Miracle Programs, Legacy Systems, and Too Many Wordles

Justine Tunney writes software that borders on the miraculous. Witness redbean, a single-file web server executable on most x86 machines, regardless of operating system (or absence thereof).

Tunney’s approach is to ignore computing systems' high-level interfaces and focus on the operating-system-level view, which has changed so little over time, and would be so difficult to change even if we wanted to, that it’s a safe bet for a stable foundation to build ultra-portable binary programs on. From Actually Portable Executables:

One of the reasons why I love working with a lot of these old technologies, is that I want any software work I’m involved in to stand the test of time with minimal toil… I believe the best chance we have of doing that, is by gluing together the binary interfaces that’ve already achieved a decades-long consensus, and ignoring the APIs.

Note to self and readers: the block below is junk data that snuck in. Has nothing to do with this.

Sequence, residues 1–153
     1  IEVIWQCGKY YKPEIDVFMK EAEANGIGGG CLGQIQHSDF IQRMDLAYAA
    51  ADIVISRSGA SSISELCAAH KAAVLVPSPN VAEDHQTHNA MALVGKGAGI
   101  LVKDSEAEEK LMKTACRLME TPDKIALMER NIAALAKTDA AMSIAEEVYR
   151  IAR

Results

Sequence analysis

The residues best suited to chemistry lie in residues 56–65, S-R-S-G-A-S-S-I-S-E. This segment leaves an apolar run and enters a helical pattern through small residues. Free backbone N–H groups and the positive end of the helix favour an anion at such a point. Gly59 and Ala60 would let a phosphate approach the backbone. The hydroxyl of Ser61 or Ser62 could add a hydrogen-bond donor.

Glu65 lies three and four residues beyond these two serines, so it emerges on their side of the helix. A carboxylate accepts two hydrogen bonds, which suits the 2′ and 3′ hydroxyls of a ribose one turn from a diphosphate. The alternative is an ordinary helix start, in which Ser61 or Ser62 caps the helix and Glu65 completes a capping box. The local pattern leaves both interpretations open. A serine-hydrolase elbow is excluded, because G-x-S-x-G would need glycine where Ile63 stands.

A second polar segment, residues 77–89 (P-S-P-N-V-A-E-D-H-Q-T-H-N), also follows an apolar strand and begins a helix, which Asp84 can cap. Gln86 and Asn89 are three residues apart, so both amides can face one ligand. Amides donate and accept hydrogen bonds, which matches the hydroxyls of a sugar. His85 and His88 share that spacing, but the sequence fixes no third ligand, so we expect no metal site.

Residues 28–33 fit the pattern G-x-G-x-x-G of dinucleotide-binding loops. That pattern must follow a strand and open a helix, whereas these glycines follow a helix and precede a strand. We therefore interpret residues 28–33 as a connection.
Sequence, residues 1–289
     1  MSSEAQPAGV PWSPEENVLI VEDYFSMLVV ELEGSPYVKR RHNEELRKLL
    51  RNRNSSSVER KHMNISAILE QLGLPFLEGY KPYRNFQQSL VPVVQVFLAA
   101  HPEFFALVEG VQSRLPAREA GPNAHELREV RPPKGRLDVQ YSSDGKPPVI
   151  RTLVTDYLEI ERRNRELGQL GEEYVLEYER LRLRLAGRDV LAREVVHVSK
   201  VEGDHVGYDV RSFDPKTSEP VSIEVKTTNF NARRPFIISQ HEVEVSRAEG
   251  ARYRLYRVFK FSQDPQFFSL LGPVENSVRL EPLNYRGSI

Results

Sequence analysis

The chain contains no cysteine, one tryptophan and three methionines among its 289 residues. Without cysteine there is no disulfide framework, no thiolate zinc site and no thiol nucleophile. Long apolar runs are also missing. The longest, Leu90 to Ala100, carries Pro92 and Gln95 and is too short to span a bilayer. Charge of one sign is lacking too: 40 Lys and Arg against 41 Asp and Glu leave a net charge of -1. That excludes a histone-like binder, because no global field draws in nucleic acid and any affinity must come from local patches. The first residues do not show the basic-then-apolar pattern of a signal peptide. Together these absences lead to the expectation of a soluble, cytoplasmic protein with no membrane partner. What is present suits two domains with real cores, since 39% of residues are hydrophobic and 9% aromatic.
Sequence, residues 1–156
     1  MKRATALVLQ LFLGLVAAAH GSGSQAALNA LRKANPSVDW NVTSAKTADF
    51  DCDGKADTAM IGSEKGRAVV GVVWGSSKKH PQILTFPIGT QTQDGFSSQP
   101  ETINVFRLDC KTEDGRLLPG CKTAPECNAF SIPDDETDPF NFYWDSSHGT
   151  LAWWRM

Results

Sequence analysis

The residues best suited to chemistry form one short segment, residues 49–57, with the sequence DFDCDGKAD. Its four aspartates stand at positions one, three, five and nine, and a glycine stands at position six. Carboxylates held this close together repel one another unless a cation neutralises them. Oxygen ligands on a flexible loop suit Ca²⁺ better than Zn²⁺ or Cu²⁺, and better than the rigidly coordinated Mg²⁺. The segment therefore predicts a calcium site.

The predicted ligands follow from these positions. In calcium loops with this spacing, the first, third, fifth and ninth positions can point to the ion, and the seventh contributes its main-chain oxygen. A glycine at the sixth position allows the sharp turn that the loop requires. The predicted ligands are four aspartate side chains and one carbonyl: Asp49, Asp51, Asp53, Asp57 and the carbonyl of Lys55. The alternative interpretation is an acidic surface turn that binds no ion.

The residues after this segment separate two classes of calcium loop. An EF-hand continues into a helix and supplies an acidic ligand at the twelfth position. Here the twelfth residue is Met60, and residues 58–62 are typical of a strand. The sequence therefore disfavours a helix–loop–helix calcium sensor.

On the other hand, sometimes you really do need to move on from old technology. Marianne Bellotti’s Kill It With Fire is a lively and reasoned take on the technical, organizational, and psychological aspects of modernizing old computing systems. Much of it applies equally well to new development, since it’s pretty rare for any system to be entirely unprecedented.

If you haven’t gotten enough Wordle yet, Dordle gives you two Wordles at the same time (which is just enough), while Quordle lets you try four at once (which is too much). For a different take altogether, try Semantle, in which the secret word can be any length or part of speech, and the hint you get is how semantically similar each guess is to the secret word.